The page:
Atlantic Examines Drug-Resistant TB Control Worldwide
The Atlantic examines the emergence of drug-resistant strains of tuberculosis around the world, with a look at the situation in South Africa. "[T]he resurgence of tuberculosis is not limited to South Africa. India and China have the largest numbers of tuberculosis cases, and multi-drug-resistant tuberculosis (MDR-TB) has been found in nearly every country, with XDR [extensively drug resistant]-TB in at least 57 countries," according to the article.
Treatment for drug-resistant strains of TB can last "up to two years and is 200 to 1,000 times more expensive than regular TB drugs," according to the Atlantic. "Even with treatment, multi-drug-resistant tuberculosis kills 30 percent of those infected, while XDR-TB kills roughly 60 percent. Unless the world gets ahead of the epidemic, drug-resistant forms of tuberculosis may not only kill hundreds of thousands, but also render moot global efforts to roll out HIV/AIDS antiretrovirals," the magazine writes.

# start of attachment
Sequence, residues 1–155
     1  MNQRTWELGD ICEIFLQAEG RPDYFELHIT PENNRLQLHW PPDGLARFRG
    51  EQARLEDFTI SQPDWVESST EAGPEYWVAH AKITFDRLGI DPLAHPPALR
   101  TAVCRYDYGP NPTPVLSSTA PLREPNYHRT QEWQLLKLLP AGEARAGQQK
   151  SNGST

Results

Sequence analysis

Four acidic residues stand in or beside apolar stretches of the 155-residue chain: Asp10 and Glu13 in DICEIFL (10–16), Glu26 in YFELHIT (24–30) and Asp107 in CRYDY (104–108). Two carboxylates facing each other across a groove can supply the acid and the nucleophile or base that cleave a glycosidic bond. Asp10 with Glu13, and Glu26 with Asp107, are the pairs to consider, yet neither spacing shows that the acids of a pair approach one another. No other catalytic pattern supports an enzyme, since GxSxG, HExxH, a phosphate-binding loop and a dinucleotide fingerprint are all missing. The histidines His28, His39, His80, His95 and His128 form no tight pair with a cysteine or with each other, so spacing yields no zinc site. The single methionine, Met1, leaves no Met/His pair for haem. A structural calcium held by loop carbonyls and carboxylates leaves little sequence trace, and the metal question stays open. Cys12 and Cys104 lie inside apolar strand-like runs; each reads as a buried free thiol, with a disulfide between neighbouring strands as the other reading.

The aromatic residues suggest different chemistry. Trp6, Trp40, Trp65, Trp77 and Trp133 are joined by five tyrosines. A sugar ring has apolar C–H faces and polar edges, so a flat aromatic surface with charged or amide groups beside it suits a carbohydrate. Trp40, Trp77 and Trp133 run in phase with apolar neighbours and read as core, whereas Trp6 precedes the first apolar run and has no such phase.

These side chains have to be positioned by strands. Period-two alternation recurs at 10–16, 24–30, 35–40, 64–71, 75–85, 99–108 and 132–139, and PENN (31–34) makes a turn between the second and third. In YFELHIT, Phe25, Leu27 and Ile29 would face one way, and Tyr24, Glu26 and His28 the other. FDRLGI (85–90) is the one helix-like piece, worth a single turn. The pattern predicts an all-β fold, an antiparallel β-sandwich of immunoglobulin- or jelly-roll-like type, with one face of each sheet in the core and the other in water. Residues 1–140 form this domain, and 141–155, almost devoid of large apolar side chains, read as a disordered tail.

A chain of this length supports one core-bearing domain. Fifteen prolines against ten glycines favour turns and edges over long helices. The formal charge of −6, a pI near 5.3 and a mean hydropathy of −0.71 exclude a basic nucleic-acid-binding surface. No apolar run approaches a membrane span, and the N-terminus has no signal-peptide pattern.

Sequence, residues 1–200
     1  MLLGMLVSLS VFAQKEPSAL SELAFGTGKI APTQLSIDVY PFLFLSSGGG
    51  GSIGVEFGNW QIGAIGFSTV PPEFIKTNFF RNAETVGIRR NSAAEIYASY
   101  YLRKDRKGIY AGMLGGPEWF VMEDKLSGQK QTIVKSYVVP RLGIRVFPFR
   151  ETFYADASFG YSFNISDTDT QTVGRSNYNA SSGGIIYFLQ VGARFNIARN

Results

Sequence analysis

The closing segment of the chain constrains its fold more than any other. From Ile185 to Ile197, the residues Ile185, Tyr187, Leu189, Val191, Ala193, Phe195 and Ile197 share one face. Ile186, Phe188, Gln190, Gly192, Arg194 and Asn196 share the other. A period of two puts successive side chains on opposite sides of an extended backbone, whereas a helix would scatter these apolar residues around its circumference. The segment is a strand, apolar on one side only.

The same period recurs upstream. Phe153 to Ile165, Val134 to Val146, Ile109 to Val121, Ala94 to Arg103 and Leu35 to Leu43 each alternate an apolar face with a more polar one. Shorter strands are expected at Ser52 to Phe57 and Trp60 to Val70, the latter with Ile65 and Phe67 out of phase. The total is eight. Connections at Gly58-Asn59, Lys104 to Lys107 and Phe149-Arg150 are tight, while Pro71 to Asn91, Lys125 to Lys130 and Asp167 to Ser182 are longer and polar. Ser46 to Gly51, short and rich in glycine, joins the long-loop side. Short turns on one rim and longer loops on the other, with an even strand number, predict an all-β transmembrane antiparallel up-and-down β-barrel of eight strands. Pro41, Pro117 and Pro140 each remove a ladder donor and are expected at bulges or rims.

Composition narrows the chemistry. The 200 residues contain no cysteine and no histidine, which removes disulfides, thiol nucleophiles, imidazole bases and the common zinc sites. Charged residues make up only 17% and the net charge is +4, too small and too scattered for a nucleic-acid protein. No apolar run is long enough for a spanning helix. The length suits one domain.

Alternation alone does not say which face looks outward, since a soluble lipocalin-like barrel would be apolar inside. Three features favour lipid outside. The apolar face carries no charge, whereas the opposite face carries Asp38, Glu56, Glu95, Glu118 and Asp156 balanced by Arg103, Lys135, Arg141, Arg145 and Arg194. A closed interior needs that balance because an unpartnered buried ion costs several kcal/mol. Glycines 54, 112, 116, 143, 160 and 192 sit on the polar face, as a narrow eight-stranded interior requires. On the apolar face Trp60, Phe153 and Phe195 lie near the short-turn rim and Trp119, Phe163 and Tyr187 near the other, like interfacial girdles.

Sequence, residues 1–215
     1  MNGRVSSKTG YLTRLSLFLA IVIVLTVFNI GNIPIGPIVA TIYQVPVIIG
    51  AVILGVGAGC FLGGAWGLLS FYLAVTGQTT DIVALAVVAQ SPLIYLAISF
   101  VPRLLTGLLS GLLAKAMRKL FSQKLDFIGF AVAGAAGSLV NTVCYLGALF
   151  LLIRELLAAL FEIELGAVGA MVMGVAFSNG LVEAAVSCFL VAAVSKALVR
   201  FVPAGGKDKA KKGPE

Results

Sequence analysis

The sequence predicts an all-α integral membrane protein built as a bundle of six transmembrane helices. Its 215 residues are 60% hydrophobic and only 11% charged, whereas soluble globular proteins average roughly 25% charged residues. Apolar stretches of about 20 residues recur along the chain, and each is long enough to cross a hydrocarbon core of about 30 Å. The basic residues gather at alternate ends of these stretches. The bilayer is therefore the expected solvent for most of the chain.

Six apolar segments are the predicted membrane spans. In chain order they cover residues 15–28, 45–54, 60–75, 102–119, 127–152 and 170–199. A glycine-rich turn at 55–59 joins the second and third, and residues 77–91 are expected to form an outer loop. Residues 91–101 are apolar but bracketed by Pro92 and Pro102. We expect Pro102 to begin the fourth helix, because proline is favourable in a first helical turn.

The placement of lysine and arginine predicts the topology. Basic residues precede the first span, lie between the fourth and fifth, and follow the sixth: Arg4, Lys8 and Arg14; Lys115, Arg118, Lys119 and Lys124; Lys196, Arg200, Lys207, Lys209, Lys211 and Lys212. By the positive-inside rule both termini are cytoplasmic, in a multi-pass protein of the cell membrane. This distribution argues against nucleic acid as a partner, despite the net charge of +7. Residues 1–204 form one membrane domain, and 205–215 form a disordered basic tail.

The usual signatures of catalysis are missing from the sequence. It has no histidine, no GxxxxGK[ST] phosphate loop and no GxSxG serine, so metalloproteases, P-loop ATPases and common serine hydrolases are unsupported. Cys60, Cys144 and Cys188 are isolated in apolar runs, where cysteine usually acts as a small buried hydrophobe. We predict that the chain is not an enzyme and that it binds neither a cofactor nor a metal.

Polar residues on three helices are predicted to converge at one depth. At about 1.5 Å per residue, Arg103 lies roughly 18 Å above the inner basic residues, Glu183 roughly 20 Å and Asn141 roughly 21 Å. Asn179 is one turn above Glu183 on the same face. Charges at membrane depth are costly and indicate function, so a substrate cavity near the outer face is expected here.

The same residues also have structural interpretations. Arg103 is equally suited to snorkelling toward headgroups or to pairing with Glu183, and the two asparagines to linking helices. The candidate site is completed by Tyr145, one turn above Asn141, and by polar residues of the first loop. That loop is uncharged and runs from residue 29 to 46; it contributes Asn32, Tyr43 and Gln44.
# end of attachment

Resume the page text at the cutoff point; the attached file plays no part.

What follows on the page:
The article also reports on the efficacy of DOTS, which "calls for 'directly observed therapy,' meaning that a patient must be observed taking medication each day by a health worker Designed to ensure that people complete their treatment regimen, the program - when it is properly implemented - works very well at both curing patients and preventing the rise of drug resistance." According to Martie van der Walt, acting director of the TB-epidemiology group of South Africa's Medical Research Council, "It's been realized that under perfect conditions, DOTS works, but not really in real-life circumstances."
Though there are some experimental drugs for the first time in 40 years, "they will not be available for at least two years, and they won't necessarily solve the current problems," the magazine reports. Mario Raviglione, director of the WHO's Stop TB Department, said new drugs need to be protected from misuse so they are not lost to resistance (Shelburne, Jan./Feb., 2010). The article was funded by a Kaiser Family Foundation Mini Fellowship.This is part of the KHN Morning Briefing, a summary of health policy coverage from major news organizations. Sign up for an email subscription.